Grassroots alliances are forming across the state to protest Gov. Arnold Schwarzenegger’s recent proposal to close 48 state parks as part of a 10 percent budget cut.
“Our first effort is to write letters, e-mails, and make phone calls to all legislators who can now reverse and change this budget,” said Michele Luna, executive director of Stewards of the Coast and Redwoods, one of 81 volunteer groups organized by the California State Parks Foundation, a nonprofit advocacy group dedicating itself to keeping the parks open.
The foundation — 90,000 members strong — announced plans of a policy network to engage its organizations politically, prompting people into community advocacy and a legislative letter-writing campaign.
“We are absolutely committed to lead the charge, but our efforts will be the big umbrella that all communities will be able to organize under,” said Traci Verardo-Torres, spokeswoman for the foundation.
In addition to legislators, the state parks foundation plans to reach out to local businesses whose economic livelihoods are dependent on the survival of state parks on the closure list.
“When I saw the governor’s budget, it knocked wind out of me,” said Sen. Abel Maldonado, R-Santa Maria. “People are very concerned with fact that their business is based on tourism, and tourism is based on the beautiful parks and central coast.”
Since hearing of the closures, Maldonado said he has been researching the expenses and economic revenue that the parks in his district generate.
“The governor will hear voices from people in my district,” he said. The senator endorses all campaigns to keep the state parks open.
Dennis Krueger has owned Kayak Horizons since 1995. His business relies partially on tourism to the area surrounding Montaña de Oro State Park, one of the parks set to close.
“I think Maldonado has the right idea,” he said. “It seems silly to target a few parks. Montaña de Oro is a special thing, well-known across the coast for horseback riding and kayaking.”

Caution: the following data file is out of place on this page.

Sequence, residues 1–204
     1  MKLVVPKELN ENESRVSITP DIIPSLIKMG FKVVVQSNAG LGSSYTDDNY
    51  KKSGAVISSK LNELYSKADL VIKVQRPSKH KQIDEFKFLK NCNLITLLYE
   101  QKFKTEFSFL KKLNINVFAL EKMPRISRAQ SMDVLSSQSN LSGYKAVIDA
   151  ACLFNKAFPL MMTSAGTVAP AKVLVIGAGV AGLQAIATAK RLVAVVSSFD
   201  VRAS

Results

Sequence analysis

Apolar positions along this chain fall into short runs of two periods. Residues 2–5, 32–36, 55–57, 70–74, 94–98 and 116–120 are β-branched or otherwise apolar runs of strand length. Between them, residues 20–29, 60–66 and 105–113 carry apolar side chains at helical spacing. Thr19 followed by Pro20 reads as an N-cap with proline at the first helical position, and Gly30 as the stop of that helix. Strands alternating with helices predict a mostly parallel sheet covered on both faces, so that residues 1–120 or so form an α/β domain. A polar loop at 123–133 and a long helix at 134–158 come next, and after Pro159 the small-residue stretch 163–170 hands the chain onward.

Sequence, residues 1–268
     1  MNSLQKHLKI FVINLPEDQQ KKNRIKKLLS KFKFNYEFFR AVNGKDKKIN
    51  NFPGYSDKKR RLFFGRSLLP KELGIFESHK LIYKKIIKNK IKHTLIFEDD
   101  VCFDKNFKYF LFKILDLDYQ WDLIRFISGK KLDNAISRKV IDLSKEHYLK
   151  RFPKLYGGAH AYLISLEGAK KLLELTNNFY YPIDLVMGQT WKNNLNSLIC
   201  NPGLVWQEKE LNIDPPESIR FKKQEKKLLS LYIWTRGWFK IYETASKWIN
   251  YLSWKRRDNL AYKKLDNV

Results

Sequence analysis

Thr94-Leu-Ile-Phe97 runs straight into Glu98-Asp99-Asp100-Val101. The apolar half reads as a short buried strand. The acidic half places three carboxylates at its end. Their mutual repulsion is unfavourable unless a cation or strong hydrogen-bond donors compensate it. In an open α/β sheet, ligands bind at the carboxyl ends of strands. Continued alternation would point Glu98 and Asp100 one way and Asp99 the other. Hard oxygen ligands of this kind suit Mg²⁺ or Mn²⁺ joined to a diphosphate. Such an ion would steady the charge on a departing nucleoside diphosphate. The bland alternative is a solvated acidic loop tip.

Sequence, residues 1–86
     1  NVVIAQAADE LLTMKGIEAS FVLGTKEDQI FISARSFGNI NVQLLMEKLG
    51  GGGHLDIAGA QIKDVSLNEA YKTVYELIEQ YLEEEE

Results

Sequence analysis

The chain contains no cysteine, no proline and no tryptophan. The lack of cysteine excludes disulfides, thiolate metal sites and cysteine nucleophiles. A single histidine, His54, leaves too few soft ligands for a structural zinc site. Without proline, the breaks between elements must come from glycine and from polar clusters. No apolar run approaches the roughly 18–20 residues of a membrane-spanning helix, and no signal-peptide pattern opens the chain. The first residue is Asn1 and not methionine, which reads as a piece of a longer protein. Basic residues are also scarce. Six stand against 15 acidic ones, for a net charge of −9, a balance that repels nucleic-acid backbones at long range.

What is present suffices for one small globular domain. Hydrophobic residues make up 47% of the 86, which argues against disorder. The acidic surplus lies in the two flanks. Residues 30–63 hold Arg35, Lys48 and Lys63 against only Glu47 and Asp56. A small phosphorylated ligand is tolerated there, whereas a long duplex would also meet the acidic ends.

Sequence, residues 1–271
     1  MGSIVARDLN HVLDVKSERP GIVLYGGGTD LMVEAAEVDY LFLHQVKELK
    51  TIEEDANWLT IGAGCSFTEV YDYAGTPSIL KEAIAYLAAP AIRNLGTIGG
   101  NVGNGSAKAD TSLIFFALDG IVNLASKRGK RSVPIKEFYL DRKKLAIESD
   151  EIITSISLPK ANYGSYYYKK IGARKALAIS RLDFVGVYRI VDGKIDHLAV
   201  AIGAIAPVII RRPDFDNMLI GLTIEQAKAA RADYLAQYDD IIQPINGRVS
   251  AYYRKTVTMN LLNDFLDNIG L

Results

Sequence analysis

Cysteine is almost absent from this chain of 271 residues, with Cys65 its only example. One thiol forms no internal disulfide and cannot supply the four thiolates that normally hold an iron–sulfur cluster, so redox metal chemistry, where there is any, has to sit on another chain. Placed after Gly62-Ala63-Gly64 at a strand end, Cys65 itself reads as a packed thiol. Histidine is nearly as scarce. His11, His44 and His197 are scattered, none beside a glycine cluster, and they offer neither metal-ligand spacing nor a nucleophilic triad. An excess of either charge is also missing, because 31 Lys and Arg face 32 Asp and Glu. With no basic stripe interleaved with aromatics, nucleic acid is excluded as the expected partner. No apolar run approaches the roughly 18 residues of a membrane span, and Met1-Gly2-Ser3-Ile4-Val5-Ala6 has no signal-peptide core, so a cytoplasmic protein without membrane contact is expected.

If the budget proposal passes in the Legislature, Krueger predicts his business would feel a bit of a negative impact, as groups regularly enter his shop to purchase recreation items for their vacations to the central coast. He approves of any kind of activism to save the parks, but he won’t be writing any letters to legislators — he just doesn’t see the point.
“We’ve gotten involved in activities to try to change the thinking of state government, and after a while you feel like you’re banging your head against a wall,” said Krueger. “I don’t think you can organize something big enough to change minds.”
If the budget passes legislation, San Luis Obispo County faces to lose seven of its 11 state parks.
The California state parks system covers nearly one-third of California’s coastline, and it manages coastline, estuaries, beaches and dune systems.
The proposed 48 closures would reduce 17 percent of the existing 278 state parks to “caretaker” status, eliminating or relocating 136 state jobs, including half of the seasonal lifeguards at state beaches.
Also on the cutting board are state park employee positions: rangers, maintenance workers, historic site tour guides and environmental scientists.
The total savings is projected at $13.3 million. If the budget goes through as written, it would be up to a year before the ax would fall on any state park jobs.
“We thought about park fee increases; now we’re convinced that the park system is as lean as it can get, and the only way to make cuts was to make closures,” said Department of Finance Director Mike Genest at the Jan. 10 news conference unveiling Schwarzenegger’s budget plan.
Roy Stearns, deputy communications director for California State Parks, has been bombarded with media calls in the past few days since the budget announcement, with major newspapers and radio stations asking how the state Parks and Recreation Department is handling the issue.
“We’d like to save every employee we can,” he said.
After months of negotiations, the department conceded to make closures on state parks and beaches that had the lowest attendance and generated the smallest revenue. The working plan, Stearns said, is to eliminate vacant positions at the parks slated to close, and move permanent employees to open locations, should they be willing to relocate.
Stearns noted that California state parks are the single largest recreation destination in the state, exceeding by millions the number of visitors to private amusement parks. The closures would shut out an estimated 6.5 million of the 79 million annual park visitors that California enjoys, giving it the largest state park attendance in the nation.